Once his broken collarbone heals, local racecar driver Ryan Truex will no longer have to shoulder the burden of trying to find financial and moral support from a major NASCAR team.
The 21-year-old native of the Mayetta section of Stafford Township signed a multi-year contract over the weekend to join the development program of North Carolina-based Richard Petty Motorsports.
"I'm very happy and excited about joining the team," Truex, the younger brother of NASCAR Sprint Cup driver Martin Truex Jr., said Monday in a phone interview from Charlotte, N.C. "All I've ever wanted was the opportunity to be able to assert myself and show what I can do, but I've been kind of hog-tied for the last 21/2 years. Now I finally have a home with a team that is willing to take me under their wing and do everything they can to help me progress."
Terms of the deal were not disclosed, but Truex and Corey Lajoie, who also signed with RPM over the weekend, are expected to compete in the Nationwide Series for the rest of this year and then run a full Nationwide schedule for the next year or two before moving up to Sprint Cup, which is NASCAR's top series.
Sammy Johns, RPM's director of motorsports, did not return phone calls seeking comment Monday but told FoxSports over the weekend that their schedules for the rest of this season would be "based on sponsorship." Truex has been struggling to find financial support in recent years, but having the backing of RPM should improve his chances significantly.
"Now that the drivers have a home and know where they'll be racing, it will be easier to put a (sponsorship) deal together," Johns told FoxSports.
Petty Motorsports, whose namesake and co-owner is the winningest driver in NASCAR history, already fields a Nationwide team with Michael Annett in the No. 43 car. Its Sprint Cup team features Aric Almirola in the No. 43 and Marcos Ambrose in the No. 9.
The deal gives Ryan Truex a chance to move away from home.
He had been living with Martin Jr. in North Carolina but moved back to Mayetta over the winter after some potential financial backing fell through. That's where he was on Easter Sunday when he broke his collarbone while riding a dirtbike. The injury knocked him out of a chance to race at Dover International Speedway over the weekend. He's expecting to be healthy enough to race again in late July or early August.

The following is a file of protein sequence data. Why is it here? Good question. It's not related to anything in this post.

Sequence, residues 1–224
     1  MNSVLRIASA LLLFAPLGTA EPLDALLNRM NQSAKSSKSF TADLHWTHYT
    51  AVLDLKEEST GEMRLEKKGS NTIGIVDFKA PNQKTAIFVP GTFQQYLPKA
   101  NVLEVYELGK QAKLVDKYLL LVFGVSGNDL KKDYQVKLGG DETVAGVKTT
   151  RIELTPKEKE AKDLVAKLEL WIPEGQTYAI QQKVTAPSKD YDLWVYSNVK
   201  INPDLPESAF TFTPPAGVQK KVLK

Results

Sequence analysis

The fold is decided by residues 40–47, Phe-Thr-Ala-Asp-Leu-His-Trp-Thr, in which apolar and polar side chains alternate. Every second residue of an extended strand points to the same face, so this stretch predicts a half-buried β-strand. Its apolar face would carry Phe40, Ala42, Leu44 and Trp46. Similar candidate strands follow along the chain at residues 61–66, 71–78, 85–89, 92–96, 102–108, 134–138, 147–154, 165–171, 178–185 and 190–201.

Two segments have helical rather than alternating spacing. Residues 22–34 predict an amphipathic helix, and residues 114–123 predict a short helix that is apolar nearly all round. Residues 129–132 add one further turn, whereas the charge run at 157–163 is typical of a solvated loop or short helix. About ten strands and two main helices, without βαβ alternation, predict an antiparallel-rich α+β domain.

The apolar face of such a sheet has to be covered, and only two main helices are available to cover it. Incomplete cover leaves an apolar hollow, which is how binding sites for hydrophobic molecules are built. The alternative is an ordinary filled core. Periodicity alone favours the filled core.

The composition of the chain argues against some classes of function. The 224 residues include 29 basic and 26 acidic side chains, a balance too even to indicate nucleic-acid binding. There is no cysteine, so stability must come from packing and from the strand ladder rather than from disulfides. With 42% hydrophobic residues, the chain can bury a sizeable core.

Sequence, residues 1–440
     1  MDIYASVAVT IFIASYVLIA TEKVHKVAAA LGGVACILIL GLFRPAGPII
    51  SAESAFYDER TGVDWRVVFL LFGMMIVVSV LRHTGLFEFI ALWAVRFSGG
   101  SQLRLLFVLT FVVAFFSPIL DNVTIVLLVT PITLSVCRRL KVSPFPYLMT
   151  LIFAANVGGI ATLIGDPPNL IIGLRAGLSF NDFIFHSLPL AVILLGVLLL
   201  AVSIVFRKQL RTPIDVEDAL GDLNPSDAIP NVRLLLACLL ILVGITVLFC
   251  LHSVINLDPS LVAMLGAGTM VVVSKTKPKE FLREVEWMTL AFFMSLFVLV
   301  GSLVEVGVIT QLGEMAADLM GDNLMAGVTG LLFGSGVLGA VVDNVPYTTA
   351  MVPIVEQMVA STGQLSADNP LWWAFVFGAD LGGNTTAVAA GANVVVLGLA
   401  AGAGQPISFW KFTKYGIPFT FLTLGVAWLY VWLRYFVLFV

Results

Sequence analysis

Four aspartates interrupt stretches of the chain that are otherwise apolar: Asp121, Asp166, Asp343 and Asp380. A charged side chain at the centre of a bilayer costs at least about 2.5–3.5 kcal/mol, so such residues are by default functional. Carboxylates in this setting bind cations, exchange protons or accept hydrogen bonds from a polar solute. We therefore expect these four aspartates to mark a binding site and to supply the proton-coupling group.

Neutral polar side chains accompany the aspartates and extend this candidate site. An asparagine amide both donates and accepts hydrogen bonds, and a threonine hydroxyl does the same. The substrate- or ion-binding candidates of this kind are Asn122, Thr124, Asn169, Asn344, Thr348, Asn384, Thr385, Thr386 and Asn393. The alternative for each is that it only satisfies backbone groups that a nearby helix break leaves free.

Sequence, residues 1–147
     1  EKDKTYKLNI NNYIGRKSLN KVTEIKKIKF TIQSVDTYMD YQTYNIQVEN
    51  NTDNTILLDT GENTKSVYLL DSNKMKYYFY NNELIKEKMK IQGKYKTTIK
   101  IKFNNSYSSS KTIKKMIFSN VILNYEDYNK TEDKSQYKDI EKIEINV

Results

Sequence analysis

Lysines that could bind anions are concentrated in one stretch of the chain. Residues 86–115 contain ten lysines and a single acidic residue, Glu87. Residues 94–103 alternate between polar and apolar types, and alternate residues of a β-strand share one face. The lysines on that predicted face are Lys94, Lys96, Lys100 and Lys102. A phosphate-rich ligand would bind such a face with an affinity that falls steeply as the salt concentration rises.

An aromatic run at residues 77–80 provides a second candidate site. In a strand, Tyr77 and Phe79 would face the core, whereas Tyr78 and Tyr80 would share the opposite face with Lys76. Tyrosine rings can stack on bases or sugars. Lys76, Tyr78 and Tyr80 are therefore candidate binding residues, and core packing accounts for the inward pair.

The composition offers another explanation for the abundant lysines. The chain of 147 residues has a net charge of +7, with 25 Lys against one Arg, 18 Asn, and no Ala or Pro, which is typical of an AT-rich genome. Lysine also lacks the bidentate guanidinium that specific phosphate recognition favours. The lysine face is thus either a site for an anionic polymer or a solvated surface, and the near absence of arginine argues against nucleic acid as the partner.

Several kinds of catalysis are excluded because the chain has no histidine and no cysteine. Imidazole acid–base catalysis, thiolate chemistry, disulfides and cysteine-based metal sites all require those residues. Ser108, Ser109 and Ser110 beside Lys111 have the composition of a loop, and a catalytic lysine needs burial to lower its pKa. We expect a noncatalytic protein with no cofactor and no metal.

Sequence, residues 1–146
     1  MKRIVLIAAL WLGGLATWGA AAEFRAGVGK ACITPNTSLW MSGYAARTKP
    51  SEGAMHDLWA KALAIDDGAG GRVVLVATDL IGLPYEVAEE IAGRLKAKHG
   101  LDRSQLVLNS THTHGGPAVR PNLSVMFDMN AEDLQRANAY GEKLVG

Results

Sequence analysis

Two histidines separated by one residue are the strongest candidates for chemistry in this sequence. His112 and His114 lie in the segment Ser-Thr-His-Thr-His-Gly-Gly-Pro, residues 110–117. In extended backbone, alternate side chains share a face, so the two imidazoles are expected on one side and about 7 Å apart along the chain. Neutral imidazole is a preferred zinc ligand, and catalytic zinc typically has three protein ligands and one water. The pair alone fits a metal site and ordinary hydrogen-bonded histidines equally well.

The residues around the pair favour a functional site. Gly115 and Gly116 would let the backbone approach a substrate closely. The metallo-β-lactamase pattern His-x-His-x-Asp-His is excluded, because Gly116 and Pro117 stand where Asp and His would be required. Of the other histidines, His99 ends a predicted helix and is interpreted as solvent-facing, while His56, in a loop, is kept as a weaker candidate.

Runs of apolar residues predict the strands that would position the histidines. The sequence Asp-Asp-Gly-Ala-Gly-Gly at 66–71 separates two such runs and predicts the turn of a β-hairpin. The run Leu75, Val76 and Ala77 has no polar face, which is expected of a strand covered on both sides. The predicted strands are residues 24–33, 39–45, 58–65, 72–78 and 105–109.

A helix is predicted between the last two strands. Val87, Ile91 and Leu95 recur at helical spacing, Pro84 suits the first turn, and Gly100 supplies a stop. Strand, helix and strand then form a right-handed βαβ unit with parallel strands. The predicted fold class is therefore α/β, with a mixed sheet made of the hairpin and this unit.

"I had moved out two years ago and moved to North Carolina, so it wasn't much fun staying in my old room again," Ryan said with a laugh. "I came back to North Carolina about two weeks ago and I'm staying with Martin for now until I find my own place."
Eventually, the brothers may become rivals.
A successful full season or two in the Nationwide Series would mean a promotion to Sprint Cup. Martin Jr. is now in his eighth season in Sprint Cup and drives for Michael Waltrip Racing.
"I think they may have raced against each other in a Nationwide event years ago," father Martin Truex Sr. said Monday in a phone interview. "When it happens again, I'm sure they're going to want to beat each other."
For Ryan Truex, the deal represents a sliver of hope that he will be able to fulfill his dream after months of frustration, disappointment and his injury.
He has enjoyed a measure of success in recent years, having earned nine top-10 finishes in 35 Nationwide starts. Last year, he earned the pole for the Nationwide race at Dover and finished second. Yet sponsors were reluctant to provide much support, leaving Truex and his family to scrap for the financial backing to get back on the track.
"We've been funding a lot of this out of our own pockets and it's been difficult," Martin Sr. said. "As a father, you want to do everything possible for your children, but you can only do so much. For Ryan to get this deal with Richard Petty Motorsports is a big relief for all of us. Now he finally has some stability."
Getting a full-time ride should also make him an even better driver.
Just as with almost any sport, consistency and experience often lead to success. Although he was productive in races, Truex's lack of a steady schedule may have hindered his progress.
Getting behind the wheel every week will give him more opportunities to showcase his considerable talent and perhaps even challenge for a Nationwide points title.
"When you only get to race every few weeks, it really prevents you from developing and asserting yourself," Ryan Truex said. "Right now Kyle Busch is in a league of his own in the Nationwide Series (he's won six of the 11 races) and that's partly because he gets to race every week. I couldn't beat him right now because I'm not out there all the time getting that experience.
"It's been a tough couple of years for me. I would do well and nearly win some races, but nothing would ever come of it. In the back of my mind, there were times when I wondered if it would ever happen for me, but I never thought about giving up. Those kind of negative thoughts don't do you any good. I believed that if I just stuck with it that I would get a chance and now I finally have it."
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